Just recently, two blogs claimed that Singapore’s government had publicly further endorsed Blockchain projects, with the equivalent of a $1 billion investment into Bitcoin by Singapore’s Central Bank.
Shortly after these articles were released, the central bank denied the truth of these claims directly, stating that they were essentially fake news.
According to an article by Cointelegraph, the two websites in question, Gulf Weed Crab and Positive Bath Hour, had already been known as being hubs for different kinds of fake news stories, which brings into question why anyone might have believed their posts in the first place.
In addition to this, it was also made clear that one of the sites, Gulf Weed Crab, even went so far as to seemingly bait readers into clicking on its article with a headline that said the SCB’s de-facto head of Crypto endeavors had invested $1 billion directly for Singaporean citizens.
With all of this in mind, it can be concluded that now more than ever, the Crypto space should be doing more to combat fake news, since even the idea of a Blockchain being used to improve businesses, is in its infancy.
In connection with this, it could even be argued that the issue of fake news could be a threat that is on par with over-regulation of the Blockchain industry.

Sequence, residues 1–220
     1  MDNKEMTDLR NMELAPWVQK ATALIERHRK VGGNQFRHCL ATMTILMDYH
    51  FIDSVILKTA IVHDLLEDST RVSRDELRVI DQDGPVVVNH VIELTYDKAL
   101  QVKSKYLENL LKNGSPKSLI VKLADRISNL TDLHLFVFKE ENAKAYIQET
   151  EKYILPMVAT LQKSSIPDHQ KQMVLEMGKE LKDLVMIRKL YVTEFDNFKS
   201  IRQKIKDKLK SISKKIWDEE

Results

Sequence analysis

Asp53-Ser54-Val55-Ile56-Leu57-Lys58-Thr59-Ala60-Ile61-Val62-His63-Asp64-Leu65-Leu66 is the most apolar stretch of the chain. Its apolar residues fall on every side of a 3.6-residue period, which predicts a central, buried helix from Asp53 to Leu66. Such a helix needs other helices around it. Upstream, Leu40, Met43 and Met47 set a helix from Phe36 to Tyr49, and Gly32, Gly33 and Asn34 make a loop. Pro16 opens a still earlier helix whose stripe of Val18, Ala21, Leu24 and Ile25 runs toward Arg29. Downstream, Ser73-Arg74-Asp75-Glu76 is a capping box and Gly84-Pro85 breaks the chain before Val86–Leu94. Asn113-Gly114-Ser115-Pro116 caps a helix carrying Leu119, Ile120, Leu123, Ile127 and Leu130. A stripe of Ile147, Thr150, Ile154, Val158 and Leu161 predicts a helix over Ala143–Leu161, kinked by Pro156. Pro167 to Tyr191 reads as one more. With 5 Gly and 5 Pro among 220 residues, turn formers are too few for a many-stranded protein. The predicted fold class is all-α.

If we allow the fake news cycle to get more out of hand than it already is, including what some Blockchain projects claim related to partnerships as well as the utility of their technologies, with little proof.
As it is reasonable to assume that all Crypto firms would categorically deny such claims, we have refrained from mentioning specific examples here to illustrate this point. Even so, a quick Google search with a little digging will unearth rebuttals from well-known firms related to their supposed partnerships with Blockchain projects.
Just the same as with anything in the Blockchain world, all of this brings to mind again the importance of conducting considerable research before trusting anything that is said by internal Blockchain sources, whether they are companies or news outlets.
At this juncture, it would not be inherently wrong to ask: why do we need to do things this cautiously?
The answer is simple, if you agree that clear regulations that encourage innovation in an industry can help it to continue to grow.
Because the Blockchain industry is not explicitly required to follow any clear laws related to protecting investors, it can be extrapolated that it also has no clear laws related to fraud.
Until a global framework, or at least, a national framework of this sort is fully put into place, investors will have to protect themselves, to the best of their ability. As this occurrence is not likely to take place any time soon, we, as a space, might have to turn to projects like Civil, to focus on reforming Crypto news first.
By: BGN Editorial Staff